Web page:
For the first time this month, a whole week of fishing has passed which was not impacted by the effects of a major weather system! With slowly falling air temperatures and humidity, this time of year can be a great time to be out on the water, especially while fishing the surf of our undeveloped barrier islands. A wide variety of species will be available in the surf, including red drum, black drum, bluefish, striped bass, whiting, croaker, and spot, as well as the unwelcome assortment of sharks, skates, and rays. Depending on how mild the autumn is, good surf fishing can last through Thanksgiving. On the Chesapeake Bay side, we are seeing increasing numbers of small striped bass/rockfish and steady numbers of speckled trout, bluefish, and spot.
Lower Bay – Mark Snook, at Chris’ Bait & Tackle, reported anglers are still releasing a few red drum during the evenings. A 50-inch red drum was landed from the Kiptopeke State Park Pier. Sightcasters are faring well with cobia as they exit the bay, with most of the fish now being found from the fourth island of the Chesapeake Bay Bridge-Tunnel south along the Virginia Beach oceanfront to the Sandbridge area. The little bridge section of the bridge-tunnel is producing spot and flounder, with flounder also being taken around the high rise section of the bridge. Speckled trout catches have come from inside the bayside creeks and around the pound nets along the beach off Kiptopeke. Snook had not heard of any recent action with puppy drum and sea mullet/whiting.
Jeb Brady, of Bailey’s Bait & Tackle, reported speckled trout fishing keeps improving on both sides of the peninsula. Anglers are reporting limits of “nice fish.” Most of the trout have been in the 16- to 20-inch range, with an occasional larger fish to 24 inches. Large red drum continue to be caught along the bridge-tunnel. The Cape Charles pier has produced keeper-sized spot, croakers, and small gray trout.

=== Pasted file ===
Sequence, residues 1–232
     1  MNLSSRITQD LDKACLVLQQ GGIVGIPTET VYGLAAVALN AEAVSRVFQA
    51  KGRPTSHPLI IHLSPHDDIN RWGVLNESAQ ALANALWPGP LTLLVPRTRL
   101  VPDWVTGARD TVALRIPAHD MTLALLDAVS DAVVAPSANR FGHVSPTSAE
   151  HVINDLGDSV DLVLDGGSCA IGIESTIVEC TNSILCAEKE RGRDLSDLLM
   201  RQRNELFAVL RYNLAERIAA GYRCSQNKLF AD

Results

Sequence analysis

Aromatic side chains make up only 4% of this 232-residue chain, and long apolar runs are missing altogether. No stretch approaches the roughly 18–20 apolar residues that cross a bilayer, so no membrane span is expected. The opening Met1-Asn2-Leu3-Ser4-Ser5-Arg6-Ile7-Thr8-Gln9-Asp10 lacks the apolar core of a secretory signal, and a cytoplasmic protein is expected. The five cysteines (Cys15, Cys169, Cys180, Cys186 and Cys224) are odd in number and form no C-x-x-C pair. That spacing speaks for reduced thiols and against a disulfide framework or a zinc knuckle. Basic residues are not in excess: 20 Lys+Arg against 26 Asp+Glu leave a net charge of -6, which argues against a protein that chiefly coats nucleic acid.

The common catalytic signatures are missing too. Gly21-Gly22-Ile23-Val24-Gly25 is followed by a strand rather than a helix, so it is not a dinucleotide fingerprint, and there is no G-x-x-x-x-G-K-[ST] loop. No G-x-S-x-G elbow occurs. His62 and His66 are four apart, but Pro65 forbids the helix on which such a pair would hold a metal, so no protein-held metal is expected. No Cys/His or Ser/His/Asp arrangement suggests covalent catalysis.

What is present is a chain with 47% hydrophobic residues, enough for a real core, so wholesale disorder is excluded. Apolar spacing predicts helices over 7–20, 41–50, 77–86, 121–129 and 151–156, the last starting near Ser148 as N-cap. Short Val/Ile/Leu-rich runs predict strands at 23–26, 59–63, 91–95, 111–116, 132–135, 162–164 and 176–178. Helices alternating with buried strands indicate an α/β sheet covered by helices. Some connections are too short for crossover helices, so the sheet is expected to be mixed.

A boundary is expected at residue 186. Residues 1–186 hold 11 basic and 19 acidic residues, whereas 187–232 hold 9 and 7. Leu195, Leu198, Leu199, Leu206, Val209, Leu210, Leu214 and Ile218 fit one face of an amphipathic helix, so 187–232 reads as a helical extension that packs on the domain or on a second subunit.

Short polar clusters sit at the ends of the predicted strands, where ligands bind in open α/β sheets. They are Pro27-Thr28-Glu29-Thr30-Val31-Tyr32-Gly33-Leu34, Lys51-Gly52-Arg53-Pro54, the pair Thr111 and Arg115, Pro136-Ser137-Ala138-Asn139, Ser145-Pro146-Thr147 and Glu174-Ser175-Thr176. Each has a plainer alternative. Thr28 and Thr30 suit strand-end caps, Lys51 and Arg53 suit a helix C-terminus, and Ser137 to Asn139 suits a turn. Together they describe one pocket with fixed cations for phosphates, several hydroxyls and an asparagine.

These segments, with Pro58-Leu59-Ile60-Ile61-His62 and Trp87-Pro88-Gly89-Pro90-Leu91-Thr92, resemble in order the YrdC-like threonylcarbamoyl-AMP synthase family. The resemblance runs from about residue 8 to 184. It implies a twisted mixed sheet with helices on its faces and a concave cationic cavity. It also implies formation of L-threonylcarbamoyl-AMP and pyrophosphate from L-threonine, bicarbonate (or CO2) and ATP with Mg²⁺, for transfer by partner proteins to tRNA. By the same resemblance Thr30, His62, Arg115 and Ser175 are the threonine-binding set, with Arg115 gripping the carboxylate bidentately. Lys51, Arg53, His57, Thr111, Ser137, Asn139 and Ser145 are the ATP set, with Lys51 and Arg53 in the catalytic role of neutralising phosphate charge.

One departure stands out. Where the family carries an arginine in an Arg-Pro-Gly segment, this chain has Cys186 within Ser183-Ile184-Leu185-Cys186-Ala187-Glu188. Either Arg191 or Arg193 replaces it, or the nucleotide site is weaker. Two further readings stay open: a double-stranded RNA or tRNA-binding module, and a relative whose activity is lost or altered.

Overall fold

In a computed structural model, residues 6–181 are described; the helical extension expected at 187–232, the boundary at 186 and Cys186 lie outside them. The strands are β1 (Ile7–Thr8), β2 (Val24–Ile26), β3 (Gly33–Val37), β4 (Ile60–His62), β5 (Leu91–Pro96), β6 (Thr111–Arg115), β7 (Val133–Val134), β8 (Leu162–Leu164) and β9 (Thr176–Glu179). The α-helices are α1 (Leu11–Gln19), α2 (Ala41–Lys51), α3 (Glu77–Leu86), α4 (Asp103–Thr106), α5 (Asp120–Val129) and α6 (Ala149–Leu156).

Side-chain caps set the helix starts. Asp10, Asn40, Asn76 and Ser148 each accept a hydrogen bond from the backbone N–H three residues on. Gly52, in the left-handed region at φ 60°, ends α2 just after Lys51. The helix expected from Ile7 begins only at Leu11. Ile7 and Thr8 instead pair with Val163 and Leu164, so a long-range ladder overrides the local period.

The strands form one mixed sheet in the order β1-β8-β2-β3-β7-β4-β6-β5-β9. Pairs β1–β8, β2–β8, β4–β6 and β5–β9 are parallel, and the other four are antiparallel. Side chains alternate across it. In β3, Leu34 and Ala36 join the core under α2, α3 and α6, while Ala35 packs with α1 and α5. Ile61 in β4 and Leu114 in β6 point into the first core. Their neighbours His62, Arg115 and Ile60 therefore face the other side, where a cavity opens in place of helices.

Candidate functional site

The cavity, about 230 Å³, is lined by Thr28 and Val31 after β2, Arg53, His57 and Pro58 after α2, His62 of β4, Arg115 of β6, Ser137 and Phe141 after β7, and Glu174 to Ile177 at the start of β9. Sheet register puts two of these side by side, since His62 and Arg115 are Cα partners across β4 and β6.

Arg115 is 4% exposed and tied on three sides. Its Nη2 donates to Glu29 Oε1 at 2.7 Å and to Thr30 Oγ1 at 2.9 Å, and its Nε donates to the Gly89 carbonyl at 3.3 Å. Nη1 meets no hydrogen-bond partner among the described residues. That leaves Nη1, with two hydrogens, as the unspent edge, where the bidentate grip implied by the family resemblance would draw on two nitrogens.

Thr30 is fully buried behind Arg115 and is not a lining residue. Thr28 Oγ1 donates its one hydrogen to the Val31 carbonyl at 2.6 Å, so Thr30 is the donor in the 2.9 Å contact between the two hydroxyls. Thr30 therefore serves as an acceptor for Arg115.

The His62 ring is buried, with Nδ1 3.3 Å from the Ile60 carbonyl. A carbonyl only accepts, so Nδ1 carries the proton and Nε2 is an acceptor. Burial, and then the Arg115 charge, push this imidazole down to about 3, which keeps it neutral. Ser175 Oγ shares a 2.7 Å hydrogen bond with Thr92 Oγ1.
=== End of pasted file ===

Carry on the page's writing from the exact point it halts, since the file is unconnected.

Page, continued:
Chincoteague – Donna Rae Roeske, at Captain Bob’s Marina, reported Chincoteague Channel is producing a variety of small panfish on squid strips and bloodworm-flavored baits. A few flounder, gray trout, and bluefish are still being caught in the main channel. Sharks are still dominating the action around the inlet, with Queen Sound also holding some of the toothy critters. Black drum and small rockfish/stripers are starting to make a showing in the surf, with surf fishermen using clam, cut spot, finger mullet, and crab for baits. The Blackfish Banks/subway cars are still holding flounder, trout spadefish, and Spanish mackerel, according to Roeske. Pete Vasiliou, of Captain Steve’s Bait & Tackle, reported they are starting to see some slot-sized red drum in the surf of Assateague. On Sunday and Monday mornings, surf fishermen casting in and just behind the wash enjoyed a run of pompano, with some kingfish/whiting and croaker mixed in. Flounder fishing inside has been better with the clearing water. Jimmy Vasiliou said some anglers fishing the waters off Saxis are finding striped bass to 36 inches and some “nice-sized” speckled trout. He added that the shop weighed in a citation pompano caught from the surf and a 27-inch black drum. Surf anglers targeting puffers were enjoying success on small, long-shanked hooks, tipped with bloodworm-flavored baits.
Upper Shore – Captain Matt Abell, of the Sea Hawk Sports Center, reported he and some members of his family had just returned from a successful smallmouth bass fishing trip on the Susquehanna River. A little closer to home, anglers have been catching speckled trout and rockfish while casting paddletails in the bayside shallows on both sides of the Maryland/Virginia state line. Farther south, anglers were still releasing a few red drum in the waters off Bayford. On the seaside, Abell said he had not received any flounder fishing reports from inside the inlets, but flounder and black sea bass were coming from the inshore structures. One group of customers had a catch of yellowfin tuna and a swordfish during an offshore trip last weekend.